AUBURN UNIVERSITY – The world gets smaller as we use smartphones, tablets and laptops to communicate each day, touching every aspect of our lives. But can that technology aid in rural areas when someone needs to make a lengthy trip to see a medical specialist?
Business professors from Auburn University and the University of Alabama have collaborated on research that could ease the state’s health care access problem and give rural residents an alternative to traveling long distances to see that specialist.
Rafay Ishfaq, assistant professor of supply chain management in Auburn’s Raymond J. Harbert College of Business, and Uzma Raja, associate professor of management information systems in Alabama’s Culverhouse College of Commerce, applied supply chain and business analytics principles in research that introduces telemedicine to the public. Supply chain management involves managing all the activities that deliver products to the consumer in an effective and efficient way.
AUBURN UNIVERSITY — Auburn’s College of Sciences and Mathematics introduced its one-of-a-kind Magnet Laboratory and 6,000-pound superconducting magnet at an open house today.
The facility, housed in the Department of Physics, will support plasma physics research for Auburn University faculty and students, as well as national and international scientists who will come to Auburn to perform experimental and theoretical studies. The magnet will allow researchers to shape the structure of the magnetic field and as a result, to perform potentially ground-breaking experiments.
AUBURN UNIVERSITY – Auburn University scientists have made a discovery that shakes the very foundation of the evolutionary study of the animal kingdom.
For more than a century, researchers have believed that sponges represented the earliest living lineages of the animal tree. Thanks to modern genomic sequencing techniques, scientists in Auburn’s College of Sciences and Mathematics discovered that ctenophores, or comb jellies, are actually at the base of the animal kingdom. The research results have been published in the journal Nature and can be read at this link: http://www.nature.com/nature/journal/vaop/ncurrent/full/nature13400.html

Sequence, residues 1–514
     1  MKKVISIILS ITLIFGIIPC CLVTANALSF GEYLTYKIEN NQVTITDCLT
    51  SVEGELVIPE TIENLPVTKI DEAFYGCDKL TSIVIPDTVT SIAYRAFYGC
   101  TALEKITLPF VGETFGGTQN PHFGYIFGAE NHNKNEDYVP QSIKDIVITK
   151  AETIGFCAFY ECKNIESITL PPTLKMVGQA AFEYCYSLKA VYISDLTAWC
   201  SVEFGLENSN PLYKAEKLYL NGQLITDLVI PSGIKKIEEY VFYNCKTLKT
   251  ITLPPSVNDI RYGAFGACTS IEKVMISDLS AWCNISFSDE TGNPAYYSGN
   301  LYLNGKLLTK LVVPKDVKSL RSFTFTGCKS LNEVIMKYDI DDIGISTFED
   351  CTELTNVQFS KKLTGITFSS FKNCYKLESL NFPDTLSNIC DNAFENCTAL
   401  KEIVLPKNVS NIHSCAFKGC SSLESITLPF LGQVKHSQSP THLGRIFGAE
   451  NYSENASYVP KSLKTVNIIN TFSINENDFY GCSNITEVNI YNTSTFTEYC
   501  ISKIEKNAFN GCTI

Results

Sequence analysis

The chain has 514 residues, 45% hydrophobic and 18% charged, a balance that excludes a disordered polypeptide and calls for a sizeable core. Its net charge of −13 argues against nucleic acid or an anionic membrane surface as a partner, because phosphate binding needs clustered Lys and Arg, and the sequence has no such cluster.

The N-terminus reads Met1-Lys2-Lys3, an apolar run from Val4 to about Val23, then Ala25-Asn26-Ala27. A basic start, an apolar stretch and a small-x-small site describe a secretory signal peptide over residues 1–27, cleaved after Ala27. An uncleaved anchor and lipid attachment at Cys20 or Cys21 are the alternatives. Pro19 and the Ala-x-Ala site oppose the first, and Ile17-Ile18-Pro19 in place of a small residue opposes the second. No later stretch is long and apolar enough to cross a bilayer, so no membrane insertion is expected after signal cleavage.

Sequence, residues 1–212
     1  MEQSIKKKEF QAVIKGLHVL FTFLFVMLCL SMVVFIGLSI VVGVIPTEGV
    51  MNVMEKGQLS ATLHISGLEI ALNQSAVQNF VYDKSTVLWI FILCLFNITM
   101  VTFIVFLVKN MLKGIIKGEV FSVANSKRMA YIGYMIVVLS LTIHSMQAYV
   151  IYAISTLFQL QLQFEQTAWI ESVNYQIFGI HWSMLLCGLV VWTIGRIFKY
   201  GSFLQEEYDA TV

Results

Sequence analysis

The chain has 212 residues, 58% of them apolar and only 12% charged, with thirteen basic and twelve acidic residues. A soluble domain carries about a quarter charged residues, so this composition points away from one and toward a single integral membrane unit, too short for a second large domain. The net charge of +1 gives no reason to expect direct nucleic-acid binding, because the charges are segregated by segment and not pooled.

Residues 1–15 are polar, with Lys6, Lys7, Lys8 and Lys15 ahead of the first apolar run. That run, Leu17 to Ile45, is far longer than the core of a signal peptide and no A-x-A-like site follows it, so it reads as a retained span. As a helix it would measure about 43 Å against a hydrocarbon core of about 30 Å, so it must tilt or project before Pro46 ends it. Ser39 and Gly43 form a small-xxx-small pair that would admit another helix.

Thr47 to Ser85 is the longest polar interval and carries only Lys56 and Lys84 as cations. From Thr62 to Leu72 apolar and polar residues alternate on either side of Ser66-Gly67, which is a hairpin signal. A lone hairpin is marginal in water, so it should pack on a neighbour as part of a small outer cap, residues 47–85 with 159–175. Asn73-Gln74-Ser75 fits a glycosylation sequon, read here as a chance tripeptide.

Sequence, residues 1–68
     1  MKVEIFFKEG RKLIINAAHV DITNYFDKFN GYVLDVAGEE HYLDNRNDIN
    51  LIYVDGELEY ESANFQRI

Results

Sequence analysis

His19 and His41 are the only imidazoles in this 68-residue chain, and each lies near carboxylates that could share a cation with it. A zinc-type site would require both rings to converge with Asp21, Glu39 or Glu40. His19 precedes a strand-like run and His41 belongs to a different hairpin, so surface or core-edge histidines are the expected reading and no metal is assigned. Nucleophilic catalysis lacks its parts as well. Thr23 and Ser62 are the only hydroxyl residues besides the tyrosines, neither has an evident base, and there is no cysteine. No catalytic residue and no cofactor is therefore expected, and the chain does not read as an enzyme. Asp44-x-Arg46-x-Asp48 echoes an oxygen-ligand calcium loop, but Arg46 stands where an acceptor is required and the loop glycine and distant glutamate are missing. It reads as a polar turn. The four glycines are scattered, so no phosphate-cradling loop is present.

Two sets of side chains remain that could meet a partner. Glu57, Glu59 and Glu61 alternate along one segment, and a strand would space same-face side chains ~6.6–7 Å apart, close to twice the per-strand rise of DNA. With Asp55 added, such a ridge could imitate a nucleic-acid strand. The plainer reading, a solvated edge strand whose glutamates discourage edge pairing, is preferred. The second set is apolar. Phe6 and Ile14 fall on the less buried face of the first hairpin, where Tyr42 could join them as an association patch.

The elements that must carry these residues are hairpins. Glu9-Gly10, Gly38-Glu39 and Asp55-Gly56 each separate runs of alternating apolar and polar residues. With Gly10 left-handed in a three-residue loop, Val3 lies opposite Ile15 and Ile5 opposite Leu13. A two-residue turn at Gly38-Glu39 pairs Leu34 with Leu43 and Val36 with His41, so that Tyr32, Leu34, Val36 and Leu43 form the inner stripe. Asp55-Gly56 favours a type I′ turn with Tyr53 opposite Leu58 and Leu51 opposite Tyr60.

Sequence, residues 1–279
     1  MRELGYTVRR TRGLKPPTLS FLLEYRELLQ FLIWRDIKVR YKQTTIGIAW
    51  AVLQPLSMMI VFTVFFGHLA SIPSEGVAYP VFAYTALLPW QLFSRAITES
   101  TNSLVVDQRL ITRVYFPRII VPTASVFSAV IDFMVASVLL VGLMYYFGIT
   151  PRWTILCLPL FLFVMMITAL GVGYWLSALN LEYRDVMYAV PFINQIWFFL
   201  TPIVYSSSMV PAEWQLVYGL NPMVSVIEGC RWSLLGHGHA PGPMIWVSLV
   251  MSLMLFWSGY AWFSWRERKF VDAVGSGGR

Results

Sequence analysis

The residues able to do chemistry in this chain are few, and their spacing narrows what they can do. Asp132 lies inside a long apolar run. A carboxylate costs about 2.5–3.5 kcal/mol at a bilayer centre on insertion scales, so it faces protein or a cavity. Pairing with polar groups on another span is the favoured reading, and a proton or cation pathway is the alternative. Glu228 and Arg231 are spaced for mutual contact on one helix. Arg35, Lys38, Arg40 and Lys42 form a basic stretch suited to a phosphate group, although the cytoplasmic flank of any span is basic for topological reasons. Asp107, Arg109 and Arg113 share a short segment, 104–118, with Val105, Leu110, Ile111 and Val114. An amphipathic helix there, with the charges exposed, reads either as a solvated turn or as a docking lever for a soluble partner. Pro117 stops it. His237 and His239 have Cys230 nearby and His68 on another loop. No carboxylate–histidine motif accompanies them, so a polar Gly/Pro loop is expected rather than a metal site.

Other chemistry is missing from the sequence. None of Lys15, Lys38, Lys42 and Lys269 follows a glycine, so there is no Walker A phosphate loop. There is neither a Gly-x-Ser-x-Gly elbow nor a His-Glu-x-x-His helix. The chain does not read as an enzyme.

AUBURN UNIVERSITY—Disease-causing bacteria can linger on surfaces in commercial airplane cabins for up to a week, according to an Auburn University study presented this week at the annual meeting of the American Society for Microbiology.
Kiril Vaglenov, a graduate student in Auburn’s Department of Biological Sciences, conducted a two-year study—funded through the Federal Aviation Administration’s Airliner Cabin Environmental Research Center—to determine how long E. coli O157:H7 and methicillin-resistant Staphylococcus aureus, or MRSA, would survive on commonly touched surfaces under typical airplane conditions. A major airline carrier supplied researchers with material from armrests, plastic tray tables, seat-pocket cloth, window shades and metal toilet buttons.
AUBURN UNIVERSITY – With automotive industries expanding across the South, Auburn University’s Samuel Ginn College of Engineering is working with educational and industry partners to consider establishing a research center focused on advanced vehicle manufacturing.
The new Southern Alliance for Advanced Vehicle Manufacturing would be a National Science Foundation center with industry-driven, multidisciplinary research conducted by university faculty and students.
AUBURN UNIVERSITY — Auburn University will soon be home to one of the world’s leading research centers in the area of radio frequency identification, or RFID, technology.
In June, the RFID Research Center will move from the University of Arkansas to Auburn University, opening the door for research collaborations initially involving the Raymond J. Harbert College of Business, the Samuel Ginn College of Engineering and the College of Human Sciences.
Since its founding at the University of Arkansas in 2005, the RFID Research Center has been at the epicenter of research in RFID, earning national and international recognition for its work. When it opens in June as the RFID Lab at Auburn University, it will be reunited with its founder and former director, Harbert College of Business Dean and Wells Fargo Professor Bill Hardgrave.